And, thanks to the recent Zimbabwe example, Kabila can do so knowing that the region will not complain. It will not complain about the irregularities on the voters roll. It will not complain about the use of live ammunition against unarmed civilians. It will not complain when state security agents round up opposition leaders en masse.

In Zimbabwe, SADC once again set the democratic bar distressingly low. Congolese citizens will be the next to face the consequences of its inaction.

These are unprecedented times, and the role of media to tell and record the story of South Africa as it develops is more important than ever. But it comes at a cost. Advertisers are cancelling campaigns, and our live events have come to an abrupt halt. Our income has been slashed.

The Mail & Guardian is a proud news publisher with roots stretching back 35 years. We’ve survived thanks to the support of our readers, we will need you to help us get through this.

To help us ensure another 35 future years of fiercely independent journalism, please subscribe.

Simon Allison
Simon Allison
Africa Editor for @MailandGuardian. Also @ISSAfrica.

Your M&G

Hi , To manage your account please click here.

You can access your digital copy of this week’s paper here.

Advertising

READ IT IN FULL: Ramaphosa’s address on the extension of...

This is the full address given by President Cyril Ramaphosa on April 9

Meet the doctor leading Africa’s fight to contain the coronavirus...

Dr Matshidiso Moeti’s father helped to eliminate smallpox. Now she’s leading Africa’s efforts against the coronavirus

Stella set to retain her perks

Communication minister will keep Cabinet perks during her two months of special leave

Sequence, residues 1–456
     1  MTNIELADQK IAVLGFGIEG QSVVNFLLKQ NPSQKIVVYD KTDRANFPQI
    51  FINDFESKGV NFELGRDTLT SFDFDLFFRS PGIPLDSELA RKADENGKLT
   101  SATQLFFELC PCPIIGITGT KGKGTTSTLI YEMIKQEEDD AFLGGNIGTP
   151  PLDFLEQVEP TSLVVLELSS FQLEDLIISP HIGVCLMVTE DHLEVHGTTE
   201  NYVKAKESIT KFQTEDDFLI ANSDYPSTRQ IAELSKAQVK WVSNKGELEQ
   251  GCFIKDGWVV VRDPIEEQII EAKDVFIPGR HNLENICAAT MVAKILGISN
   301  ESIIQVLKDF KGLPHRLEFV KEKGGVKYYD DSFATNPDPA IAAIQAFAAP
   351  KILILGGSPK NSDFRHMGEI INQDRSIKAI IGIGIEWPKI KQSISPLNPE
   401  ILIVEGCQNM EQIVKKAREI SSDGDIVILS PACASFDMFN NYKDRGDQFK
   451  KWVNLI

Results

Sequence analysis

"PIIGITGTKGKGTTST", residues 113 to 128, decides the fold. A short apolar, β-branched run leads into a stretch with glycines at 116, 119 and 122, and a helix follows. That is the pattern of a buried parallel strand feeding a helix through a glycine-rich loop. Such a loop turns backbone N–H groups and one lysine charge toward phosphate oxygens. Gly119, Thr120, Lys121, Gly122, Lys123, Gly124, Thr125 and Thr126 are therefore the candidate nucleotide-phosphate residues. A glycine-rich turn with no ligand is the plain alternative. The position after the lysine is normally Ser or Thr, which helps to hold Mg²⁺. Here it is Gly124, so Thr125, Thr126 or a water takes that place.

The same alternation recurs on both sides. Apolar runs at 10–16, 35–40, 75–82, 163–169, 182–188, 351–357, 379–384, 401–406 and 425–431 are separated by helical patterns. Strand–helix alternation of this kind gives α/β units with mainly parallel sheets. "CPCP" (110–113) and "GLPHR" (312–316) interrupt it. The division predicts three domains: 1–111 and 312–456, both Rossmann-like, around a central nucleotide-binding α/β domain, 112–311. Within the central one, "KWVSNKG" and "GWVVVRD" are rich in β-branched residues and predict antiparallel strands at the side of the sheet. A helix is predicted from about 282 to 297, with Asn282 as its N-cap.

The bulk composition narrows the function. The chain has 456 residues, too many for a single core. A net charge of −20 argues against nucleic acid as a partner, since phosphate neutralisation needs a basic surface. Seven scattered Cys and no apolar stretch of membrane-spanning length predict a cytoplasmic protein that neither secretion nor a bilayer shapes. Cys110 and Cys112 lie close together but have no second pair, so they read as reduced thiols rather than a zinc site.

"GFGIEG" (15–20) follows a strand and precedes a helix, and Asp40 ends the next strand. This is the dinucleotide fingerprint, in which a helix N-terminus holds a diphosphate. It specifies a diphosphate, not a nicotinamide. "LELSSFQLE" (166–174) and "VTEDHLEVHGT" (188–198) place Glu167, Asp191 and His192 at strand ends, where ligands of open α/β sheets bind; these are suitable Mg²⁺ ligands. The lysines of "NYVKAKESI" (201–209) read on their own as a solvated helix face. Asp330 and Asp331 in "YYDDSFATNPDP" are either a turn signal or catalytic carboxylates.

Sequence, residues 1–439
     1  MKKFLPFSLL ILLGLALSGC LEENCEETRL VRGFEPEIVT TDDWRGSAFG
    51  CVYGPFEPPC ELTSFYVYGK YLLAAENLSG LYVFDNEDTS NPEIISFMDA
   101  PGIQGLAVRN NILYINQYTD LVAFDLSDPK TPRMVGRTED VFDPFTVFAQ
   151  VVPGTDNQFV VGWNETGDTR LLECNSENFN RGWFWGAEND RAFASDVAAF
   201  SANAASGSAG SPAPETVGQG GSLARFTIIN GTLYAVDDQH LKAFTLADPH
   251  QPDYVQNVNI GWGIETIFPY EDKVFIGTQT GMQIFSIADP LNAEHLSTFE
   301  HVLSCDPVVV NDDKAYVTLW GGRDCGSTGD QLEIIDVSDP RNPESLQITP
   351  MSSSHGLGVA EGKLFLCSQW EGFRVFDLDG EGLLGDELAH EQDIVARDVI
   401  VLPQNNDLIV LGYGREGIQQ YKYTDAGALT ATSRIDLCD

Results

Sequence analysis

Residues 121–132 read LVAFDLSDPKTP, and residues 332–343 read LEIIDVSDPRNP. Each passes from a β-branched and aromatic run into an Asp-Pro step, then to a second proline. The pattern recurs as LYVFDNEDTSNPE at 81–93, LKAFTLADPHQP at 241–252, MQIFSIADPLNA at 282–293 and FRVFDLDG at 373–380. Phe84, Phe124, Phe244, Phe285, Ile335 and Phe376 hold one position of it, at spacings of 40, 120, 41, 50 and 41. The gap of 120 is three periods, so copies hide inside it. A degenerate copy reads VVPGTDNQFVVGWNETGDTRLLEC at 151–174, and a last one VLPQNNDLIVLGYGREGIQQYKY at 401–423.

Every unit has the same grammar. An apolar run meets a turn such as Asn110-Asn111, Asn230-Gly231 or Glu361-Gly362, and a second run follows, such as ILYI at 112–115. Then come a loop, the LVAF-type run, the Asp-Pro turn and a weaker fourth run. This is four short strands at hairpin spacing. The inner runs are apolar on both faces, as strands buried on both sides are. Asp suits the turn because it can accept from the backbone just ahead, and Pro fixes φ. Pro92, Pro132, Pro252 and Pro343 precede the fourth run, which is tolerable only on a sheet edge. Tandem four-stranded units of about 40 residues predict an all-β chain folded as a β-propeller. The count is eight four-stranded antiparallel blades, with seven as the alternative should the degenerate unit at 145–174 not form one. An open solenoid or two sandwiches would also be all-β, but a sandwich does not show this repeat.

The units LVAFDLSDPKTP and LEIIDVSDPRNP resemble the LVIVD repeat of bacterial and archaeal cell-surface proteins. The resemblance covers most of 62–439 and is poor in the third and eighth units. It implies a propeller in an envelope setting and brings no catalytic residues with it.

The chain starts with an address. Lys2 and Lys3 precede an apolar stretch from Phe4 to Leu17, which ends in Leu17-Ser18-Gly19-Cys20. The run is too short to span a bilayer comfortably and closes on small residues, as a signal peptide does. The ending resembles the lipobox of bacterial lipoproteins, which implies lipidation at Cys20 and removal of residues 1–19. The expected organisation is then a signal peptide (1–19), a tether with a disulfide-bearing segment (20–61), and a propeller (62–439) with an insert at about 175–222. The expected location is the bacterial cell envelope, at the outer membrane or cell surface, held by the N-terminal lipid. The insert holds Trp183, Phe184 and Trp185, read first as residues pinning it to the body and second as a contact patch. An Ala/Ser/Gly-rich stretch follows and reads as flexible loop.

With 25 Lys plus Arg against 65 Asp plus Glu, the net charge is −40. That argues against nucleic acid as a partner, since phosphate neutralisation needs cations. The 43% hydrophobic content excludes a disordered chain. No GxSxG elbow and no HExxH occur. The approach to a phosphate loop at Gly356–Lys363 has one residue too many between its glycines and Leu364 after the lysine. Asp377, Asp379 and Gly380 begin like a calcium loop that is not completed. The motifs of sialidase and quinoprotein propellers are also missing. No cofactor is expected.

Covid-19 grounds Nigeria’s medical tourists

The country’s elites, including the president, travelled abroad for treatment but now they must use the country’s neglected health system
Advertising

Press Releases

Rahima Moosa Hospital nursing college introduces no-touch facial recognition access system

The new system allows the hospital to enrol people’s faces immediately, using artificial intelligence, and integrates easily with existing access control infrastructure, including card readers and biometrics

Everyone’s talking about it. Even Kentucky

Earlier this year South African fried chicken fast-food chain, Chicken Licken®, launched a campaign for their wallet-friendly EasyBucks® meals, based on the idea of ‘Everyone’s talking about it.’

New energy mix on the cards

REI4P already has and will continue to yield thousands of employment opportunities

The online value of executive education in a Covid-19 world

Executive education courses further develop the skills of leaders in the workplace

Sisa Ntshona urges everyone to stay home, and consider travelling later

Sisa Ntshona has urged everyone to limit their movements in line with government’s request

SAB Zenzele’s special AGM postponed until further notice

An arrangement has been announced for shareholders and retailers to receive a 77.5% cash payout

20th Edition of the National Teaching Awards

Teachers are seldom recognised but they are indispensable to the country's education system

Awards affirm the vital work that teachers do

Government is committed to empowering South Africa’s teachers with skills, knowledge and techniques for a changing world